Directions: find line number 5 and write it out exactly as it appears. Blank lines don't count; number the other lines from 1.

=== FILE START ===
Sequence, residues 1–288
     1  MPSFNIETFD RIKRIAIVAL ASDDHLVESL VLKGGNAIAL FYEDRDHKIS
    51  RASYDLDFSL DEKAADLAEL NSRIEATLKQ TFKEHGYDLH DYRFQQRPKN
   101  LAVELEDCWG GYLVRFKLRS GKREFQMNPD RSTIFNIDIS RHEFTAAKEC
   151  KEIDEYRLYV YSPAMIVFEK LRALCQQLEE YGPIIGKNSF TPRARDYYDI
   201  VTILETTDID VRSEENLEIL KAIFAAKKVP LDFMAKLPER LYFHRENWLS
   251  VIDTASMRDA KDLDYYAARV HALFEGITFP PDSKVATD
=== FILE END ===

   151  KEIDEYRLYV YSPAMIVFEK LRALCQQLEE YGPIIGKNSF TPRARDYYDI